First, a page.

November is International Prematurity Awareness Month

November is International Prematurity Awareness Month. Premature birth is any birth occurring prior to 36 weeks gestation, and believe it or not, a large number of premature babies are born each year world-wide. In North America there are also a large number of options to help raise funds as well as awareness to help those affected by premature birth.

For those parents who have had to deal with a stay in the NICU (Neonatal Intensive Care Unit) feelings of dealing with their situation alone, that the situation is hopeless and even feeling sad and in shock are totally normal. We spent 54 days in the NICU after delivery my daughter at just 29 weeks and 2 days gestation. I know all too well just how physically and emotionally draining the preemie experience truly is.

No matter how tough we as preemie parents think we had it, nothing compares to the struggle our preemies had to fight through in the first minutes, hours and days of their lives. ‘Normal’ problems preemies have to fight through include serious medical conditions such as Bradycardia (A dangerous slowing of the heart rate) and Apnea (An abnormal pause in breathing). As strong as these little miracles really are, there are those who become the tiniest of angels after losing their fight to bacterial infections, collapsed lungs, and NEC (Necrotizing enterocolitis) among many other issues.

If you could take a look inside a level 3 NICU where the more serious cases stay, you would find parents sitting watching their babies sleeping inside their incubators. Watching helplessly as alarms go off and panicking each and every time. For some parents, they have a long, long wait before being able to hold their baby for the first time. Lucky for us, I was able to hold our daughter right after I delivered her as she was breathing well enough on her own thanks to steroid shots I was given to help develop her lungs. However once she was taken away it was almost a week before she was strong enough to be held again.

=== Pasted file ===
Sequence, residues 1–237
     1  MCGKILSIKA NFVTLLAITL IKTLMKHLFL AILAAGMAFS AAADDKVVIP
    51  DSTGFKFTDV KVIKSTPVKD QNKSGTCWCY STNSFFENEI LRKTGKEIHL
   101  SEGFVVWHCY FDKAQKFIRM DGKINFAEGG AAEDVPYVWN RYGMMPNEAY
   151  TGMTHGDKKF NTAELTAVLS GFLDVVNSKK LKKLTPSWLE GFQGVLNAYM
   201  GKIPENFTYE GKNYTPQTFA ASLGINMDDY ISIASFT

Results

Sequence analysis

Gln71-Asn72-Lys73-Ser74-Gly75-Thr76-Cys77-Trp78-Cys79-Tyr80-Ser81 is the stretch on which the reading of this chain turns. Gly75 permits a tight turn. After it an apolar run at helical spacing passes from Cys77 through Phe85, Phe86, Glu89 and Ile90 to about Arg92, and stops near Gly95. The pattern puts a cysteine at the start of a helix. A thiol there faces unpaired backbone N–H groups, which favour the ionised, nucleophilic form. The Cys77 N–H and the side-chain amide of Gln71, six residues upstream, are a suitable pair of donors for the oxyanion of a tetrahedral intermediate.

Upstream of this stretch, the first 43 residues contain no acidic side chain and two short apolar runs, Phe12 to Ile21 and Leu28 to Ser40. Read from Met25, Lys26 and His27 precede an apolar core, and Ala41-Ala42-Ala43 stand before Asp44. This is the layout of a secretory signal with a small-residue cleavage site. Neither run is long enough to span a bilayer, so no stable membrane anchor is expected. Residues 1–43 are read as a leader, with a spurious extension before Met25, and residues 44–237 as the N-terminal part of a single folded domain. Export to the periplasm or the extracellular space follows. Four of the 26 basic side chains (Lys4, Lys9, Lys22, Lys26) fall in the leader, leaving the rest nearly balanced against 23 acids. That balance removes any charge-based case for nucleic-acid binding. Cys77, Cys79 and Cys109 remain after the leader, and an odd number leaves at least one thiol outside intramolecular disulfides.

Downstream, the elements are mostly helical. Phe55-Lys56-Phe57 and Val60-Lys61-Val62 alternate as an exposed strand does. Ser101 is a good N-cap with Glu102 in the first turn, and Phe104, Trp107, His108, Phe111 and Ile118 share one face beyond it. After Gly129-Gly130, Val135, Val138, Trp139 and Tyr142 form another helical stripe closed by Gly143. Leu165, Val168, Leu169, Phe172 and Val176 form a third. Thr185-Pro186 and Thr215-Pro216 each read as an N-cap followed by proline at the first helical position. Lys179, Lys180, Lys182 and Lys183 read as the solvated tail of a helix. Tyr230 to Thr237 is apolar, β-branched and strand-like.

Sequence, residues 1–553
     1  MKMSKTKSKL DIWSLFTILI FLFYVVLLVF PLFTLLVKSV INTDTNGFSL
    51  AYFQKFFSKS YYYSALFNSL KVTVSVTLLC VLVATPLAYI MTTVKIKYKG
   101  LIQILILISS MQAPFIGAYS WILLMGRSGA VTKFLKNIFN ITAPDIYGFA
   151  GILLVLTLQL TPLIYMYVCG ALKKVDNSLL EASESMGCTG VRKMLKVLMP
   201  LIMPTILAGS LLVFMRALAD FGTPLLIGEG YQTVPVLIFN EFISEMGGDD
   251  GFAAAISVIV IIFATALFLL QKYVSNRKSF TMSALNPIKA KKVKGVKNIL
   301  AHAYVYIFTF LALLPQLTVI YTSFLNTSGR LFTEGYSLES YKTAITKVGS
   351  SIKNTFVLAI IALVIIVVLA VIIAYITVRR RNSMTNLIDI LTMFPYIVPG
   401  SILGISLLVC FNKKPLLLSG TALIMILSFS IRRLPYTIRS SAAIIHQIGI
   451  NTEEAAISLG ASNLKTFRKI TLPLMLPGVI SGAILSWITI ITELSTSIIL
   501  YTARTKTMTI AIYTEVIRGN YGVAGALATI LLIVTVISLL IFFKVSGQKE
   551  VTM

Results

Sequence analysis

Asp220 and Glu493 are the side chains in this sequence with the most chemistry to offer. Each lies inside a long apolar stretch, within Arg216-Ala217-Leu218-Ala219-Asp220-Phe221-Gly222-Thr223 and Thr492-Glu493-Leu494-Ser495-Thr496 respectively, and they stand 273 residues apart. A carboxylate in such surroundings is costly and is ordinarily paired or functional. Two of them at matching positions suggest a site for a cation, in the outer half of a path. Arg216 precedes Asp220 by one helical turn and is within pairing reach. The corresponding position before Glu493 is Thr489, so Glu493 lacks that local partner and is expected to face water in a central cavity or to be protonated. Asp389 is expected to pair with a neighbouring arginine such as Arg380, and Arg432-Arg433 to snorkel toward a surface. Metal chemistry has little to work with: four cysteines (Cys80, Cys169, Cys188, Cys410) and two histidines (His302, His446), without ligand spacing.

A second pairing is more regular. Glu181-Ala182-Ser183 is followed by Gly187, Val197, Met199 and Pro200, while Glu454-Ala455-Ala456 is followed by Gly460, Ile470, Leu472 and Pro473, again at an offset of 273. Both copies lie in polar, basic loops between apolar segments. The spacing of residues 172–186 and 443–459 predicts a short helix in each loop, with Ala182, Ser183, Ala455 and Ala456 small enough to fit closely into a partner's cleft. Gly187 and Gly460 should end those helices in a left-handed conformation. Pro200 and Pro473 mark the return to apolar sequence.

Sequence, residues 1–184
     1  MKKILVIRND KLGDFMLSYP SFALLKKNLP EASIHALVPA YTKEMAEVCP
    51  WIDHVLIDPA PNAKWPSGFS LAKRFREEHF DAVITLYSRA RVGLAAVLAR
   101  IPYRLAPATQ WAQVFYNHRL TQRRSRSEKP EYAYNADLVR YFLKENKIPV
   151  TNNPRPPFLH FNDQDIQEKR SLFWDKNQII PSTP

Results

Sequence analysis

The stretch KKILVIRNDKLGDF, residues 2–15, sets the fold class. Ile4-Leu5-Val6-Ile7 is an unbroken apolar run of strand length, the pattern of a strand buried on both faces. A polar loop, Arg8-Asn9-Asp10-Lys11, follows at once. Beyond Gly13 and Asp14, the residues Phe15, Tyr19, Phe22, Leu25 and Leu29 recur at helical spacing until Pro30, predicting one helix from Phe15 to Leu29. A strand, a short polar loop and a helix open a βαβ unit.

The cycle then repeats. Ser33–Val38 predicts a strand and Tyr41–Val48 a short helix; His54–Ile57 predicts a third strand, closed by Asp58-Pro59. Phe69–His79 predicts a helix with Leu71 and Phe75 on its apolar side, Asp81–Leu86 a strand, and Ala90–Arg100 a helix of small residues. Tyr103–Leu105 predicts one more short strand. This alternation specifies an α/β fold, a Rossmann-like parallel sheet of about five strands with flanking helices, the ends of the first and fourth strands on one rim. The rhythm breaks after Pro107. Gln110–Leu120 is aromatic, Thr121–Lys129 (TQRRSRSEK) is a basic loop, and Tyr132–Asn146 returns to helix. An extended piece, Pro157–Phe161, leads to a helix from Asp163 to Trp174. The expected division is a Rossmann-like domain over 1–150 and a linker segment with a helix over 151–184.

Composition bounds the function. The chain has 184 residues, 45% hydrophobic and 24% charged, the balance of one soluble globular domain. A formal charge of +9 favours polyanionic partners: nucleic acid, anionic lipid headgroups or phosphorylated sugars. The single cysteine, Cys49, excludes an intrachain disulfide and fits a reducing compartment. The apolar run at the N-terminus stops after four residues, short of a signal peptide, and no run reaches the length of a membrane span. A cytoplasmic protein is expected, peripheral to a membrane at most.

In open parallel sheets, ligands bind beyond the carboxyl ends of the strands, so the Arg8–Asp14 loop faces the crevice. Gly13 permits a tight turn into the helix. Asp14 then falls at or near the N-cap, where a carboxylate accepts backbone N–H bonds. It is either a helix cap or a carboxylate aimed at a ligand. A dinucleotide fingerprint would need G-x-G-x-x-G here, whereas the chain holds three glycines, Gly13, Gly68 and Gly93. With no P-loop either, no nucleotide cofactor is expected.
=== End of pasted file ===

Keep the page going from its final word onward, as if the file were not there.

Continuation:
Like other preemie parents, I often spent my days from 8 am right up until 11 pm at night at the hospital with my daughter. We were lucky to live close to a hospital with a level 3 NICU but some parents come from out of province and other places too far to drive from daily. For those parents the Ronald McDonald house happily opens their doors.

Going home isn’t a complete break from the hospital either. Once my daughter was discharged from the NICU we found we had constant appointments with various specialists ensuring she was developing normally. From the Neonatal follow-up clinic right up to Ophthalmologists the visits continue right up until 24 months if all goes well. However, challenges often continue for those children severely affected by their prematurity.

Some of the worthy causes supporting efforts to meet the needs of premature infants and their families whom you can volunteer with or donate to, as I mentioned before, include the Ronald McDonald House, Human Milk Banks, Blood Banks, and so many others.

 

Thank you to Frugal Mom Eh! for this informative post

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